Are you drinking too much? Alcohol Awareness Warning Signs.

Are you drinking too much? Alcohol Awareness Warning Signs.

Since 1987 Alcohol Awareness Month has been practiced to draw attention to the cause and effect that alcohol has on individuals and their families. Hot to deal with problematic drinking has also been a part of this national educational movement.

What is considered a “drink”?

Refilling the same glass over and over again is not having one drink. U.S. standard drink sizes:

  • 12 ounces of 5% alcohol by volume beer
  • 8 ounces of 7% alcohol by volume malt liquor
  • 5 ounces of 12% alcohol by volume wine
  • 5 ounces of 40% alcohol by volume (80-proof) distilled spirits or liquor (examples: gin, rum, vodka, whiskey)

Why do we need to be aware?

AS AN ADULT

An estimated 14.4 million Americans ages 18 and older had an Alcohol Use Disorder (AUD) and each year, an estimated 90,000 people die from alcohol-related causes annually.

AS A PARENT

Family policies about adolescent drinking in the home and the way parents themselves drink are important. The CDC reports that excessive underage drinking is responsible for more than 4,300 deaths among our youth each year.

The program started with the targeted college-age students who abused alcohol as part of their newfound freedom. The problem has grown to a much younger audience. When high school students were asked about their activities during the previous 30 days, 33% said they drank some amount of alcohol, 18% reported binge drinking, and 8% said that they drove after drinking alcohol. Moreover, more than 90% of the alcohol consumed by young people is in the form of binge drinking.

The CDC defines binge drinking as a drinking pattern that brings a person’s blood alcohol concentration to 0.08% or above. Binge drinking means consuming five or more drinks in about two hours for someone who is biologically male, or four or more drinks for someone who is biologically female.

The younger a person is when they start drinking, the greater the likelihood of an alcohol problem later in life.

  • 1/3 of the population does not drink or has low levels of use.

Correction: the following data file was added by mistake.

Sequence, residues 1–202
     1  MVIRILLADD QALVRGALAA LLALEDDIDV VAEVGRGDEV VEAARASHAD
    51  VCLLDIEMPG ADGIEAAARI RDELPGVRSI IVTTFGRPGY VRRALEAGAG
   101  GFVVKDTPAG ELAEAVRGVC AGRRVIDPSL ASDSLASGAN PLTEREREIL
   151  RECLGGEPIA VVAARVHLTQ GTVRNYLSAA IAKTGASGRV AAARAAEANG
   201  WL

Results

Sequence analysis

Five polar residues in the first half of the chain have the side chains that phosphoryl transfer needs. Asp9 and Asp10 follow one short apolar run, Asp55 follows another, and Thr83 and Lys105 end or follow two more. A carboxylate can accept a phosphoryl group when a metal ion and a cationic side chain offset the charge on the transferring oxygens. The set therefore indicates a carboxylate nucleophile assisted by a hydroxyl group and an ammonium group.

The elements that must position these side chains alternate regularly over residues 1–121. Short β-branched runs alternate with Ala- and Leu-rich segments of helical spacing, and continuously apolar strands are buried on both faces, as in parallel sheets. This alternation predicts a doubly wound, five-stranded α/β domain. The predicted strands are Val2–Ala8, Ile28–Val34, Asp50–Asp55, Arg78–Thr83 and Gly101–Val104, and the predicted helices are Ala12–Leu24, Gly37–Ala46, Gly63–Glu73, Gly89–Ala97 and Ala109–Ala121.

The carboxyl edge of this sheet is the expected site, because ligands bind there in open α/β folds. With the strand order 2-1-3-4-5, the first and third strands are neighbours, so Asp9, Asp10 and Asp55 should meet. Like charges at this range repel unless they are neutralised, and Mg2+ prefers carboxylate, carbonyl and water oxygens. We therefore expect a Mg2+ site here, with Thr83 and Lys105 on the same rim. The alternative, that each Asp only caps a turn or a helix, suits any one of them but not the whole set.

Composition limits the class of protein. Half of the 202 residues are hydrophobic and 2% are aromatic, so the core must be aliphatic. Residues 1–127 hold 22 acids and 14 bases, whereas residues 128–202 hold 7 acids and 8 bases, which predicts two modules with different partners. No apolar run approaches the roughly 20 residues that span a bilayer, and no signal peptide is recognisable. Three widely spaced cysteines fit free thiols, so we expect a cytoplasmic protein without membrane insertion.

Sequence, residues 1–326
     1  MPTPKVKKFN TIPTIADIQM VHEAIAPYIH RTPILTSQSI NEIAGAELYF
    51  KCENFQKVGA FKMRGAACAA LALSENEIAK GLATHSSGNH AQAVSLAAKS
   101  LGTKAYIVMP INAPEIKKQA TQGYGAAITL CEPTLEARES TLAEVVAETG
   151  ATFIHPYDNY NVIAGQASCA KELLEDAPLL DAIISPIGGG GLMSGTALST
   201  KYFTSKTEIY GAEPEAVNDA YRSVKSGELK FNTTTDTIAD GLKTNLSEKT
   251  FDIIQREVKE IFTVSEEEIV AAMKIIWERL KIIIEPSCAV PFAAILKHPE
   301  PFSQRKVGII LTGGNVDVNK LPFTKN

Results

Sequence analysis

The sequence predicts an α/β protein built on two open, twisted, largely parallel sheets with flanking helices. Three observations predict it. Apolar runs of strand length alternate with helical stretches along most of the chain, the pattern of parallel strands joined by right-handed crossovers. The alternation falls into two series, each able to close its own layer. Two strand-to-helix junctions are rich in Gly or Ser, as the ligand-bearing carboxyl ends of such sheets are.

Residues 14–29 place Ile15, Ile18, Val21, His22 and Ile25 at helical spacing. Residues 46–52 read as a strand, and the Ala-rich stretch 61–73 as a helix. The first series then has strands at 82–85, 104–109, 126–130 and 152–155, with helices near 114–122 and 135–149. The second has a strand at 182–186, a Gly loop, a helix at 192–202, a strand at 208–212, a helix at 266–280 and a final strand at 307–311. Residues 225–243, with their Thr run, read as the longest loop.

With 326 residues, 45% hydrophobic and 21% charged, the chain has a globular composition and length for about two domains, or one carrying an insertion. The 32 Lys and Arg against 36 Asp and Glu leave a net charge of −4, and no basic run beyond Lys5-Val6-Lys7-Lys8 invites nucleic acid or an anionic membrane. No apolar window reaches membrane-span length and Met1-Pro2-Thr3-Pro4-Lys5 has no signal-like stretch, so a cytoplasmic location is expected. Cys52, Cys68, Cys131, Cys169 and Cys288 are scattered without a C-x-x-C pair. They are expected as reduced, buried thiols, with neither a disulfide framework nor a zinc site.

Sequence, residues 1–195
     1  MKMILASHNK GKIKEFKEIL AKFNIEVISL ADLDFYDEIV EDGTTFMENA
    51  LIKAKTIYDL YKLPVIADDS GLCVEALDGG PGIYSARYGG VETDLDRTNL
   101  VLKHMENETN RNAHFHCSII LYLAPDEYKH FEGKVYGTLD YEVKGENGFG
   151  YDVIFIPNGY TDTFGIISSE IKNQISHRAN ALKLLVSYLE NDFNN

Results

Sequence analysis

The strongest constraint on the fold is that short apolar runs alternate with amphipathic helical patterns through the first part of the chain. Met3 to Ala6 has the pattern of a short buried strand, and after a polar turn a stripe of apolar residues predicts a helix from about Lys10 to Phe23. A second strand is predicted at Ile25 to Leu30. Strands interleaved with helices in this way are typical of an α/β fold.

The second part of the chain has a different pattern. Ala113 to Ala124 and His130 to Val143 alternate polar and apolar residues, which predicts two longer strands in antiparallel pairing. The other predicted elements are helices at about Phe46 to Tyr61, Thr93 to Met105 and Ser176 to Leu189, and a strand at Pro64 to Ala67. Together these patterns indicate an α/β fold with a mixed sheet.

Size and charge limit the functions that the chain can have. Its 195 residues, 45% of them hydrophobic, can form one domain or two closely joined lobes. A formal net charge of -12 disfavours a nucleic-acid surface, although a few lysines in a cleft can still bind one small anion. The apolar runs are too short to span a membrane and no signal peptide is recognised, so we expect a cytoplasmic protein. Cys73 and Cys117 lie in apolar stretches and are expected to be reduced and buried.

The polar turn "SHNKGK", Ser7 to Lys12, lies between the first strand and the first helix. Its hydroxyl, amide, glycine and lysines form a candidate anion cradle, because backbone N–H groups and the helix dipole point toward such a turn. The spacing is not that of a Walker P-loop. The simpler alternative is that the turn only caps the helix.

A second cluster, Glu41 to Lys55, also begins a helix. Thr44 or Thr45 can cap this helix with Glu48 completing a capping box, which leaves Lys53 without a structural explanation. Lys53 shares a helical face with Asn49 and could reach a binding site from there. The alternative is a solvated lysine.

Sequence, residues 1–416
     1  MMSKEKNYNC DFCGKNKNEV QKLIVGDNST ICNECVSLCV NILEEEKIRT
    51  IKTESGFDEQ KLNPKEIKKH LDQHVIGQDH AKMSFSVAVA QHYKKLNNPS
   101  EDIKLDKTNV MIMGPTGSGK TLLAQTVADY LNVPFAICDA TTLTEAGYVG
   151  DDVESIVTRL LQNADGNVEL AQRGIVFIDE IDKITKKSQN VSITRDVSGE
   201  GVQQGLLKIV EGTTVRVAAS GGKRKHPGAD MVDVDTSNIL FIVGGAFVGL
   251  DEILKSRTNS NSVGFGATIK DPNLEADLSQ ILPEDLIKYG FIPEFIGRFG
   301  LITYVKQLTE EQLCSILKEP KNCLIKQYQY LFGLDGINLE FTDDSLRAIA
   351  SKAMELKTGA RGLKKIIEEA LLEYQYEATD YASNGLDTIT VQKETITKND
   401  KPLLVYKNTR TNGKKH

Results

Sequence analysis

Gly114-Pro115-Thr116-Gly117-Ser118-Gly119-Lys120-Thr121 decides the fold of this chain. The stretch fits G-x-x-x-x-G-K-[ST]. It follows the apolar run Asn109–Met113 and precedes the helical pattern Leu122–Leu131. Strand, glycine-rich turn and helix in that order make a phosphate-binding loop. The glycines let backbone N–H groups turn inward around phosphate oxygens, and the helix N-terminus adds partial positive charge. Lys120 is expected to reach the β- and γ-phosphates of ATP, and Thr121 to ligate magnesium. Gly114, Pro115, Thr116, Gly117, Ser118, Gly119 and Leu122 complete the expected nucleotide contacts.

• 1/3 drink socially and in moderate levels.
  • 1/3 are heavy, dangerously risky drinkers.

Practice Mindful Drinking- This middle-ground methodology empowers you to build healthier drinking behaviors without having to abstain entirely from alcohol. Alcohol awareness and mindful drinking go hand-in-hand simply because mindful drinking encourages you to be continually aware of the impact of alcohol in your life and reflect on the reasons you drink.

What is considered moderation?

  • Up to 1 drink a day for women.
  • Up to 2 drinks a day for men.

Short-term effects of alcohol can include:

  • Lowered inhibitions
  • Poor social judgment.
  • Trouble concentrating
  • Loss of coordination
  • Loss of critical judgements.
  • Dulled perception, especially vision.
  • Mood swings.
  • Reduced core body temperature.
  • Raised blood pressure.
  • Passing out.

 

Long-Term Effects Of Alcohol on the Body

  • Diminished gray and white matter in the brain.
  • Memory loss.
  • Loss of attention span.
  • Trouble learning.
  • Alcoholic hepatitis.
  • Liver fibrosis.
  • Fatty liver disease
  • Systemic Inflammation of the body.
  • Throat, mouth, larynx, breast, liver, colorectal, or esophageal cancer.
  • High blood pressure.
  • Cardiomyopathy.
  • Stroke.
  • Irregular heartbeat.

 

Many people claim they drink to fight depression, however, alcohol acts as a depressant.

Mental effects may include mood changes, decreased inhibitions, relaxation, impaired judgment, slowed reaction times, difficulty remembering, confusion, and loss of consciousness. Excessive alcohol use can lead to alcohol-induced psychiatric syndromes, such as alcohol-induced depressive disorder, alcohol-induced bipolar disorder, alcohol-induced sleep disorder, alcohol-induced psychotic disorder, and more. These disorders are temporary and can occur after significant intoxication and/or withdrawal.

Alcohol Use Disorder is also linked to several mental illnesses which can develop separately from the disorder and may even predate it, such as major depression, some anxiety disorders, schizophrenia, bipolar disorder, and others. These disorders may increase the likelihood of alcohol-related issues, possibly due, in part, to using alcohol as a self-medicating substance. There also may be common underlying risk factors that increase the likelihood of both substance use disorders and mental illnesses.

Need help getting yourself or someone else in a healthier place? You are far from alone. Acknowledging a problem and seeking a solution is a first, positive step toward emotional wellness and peace of mind.

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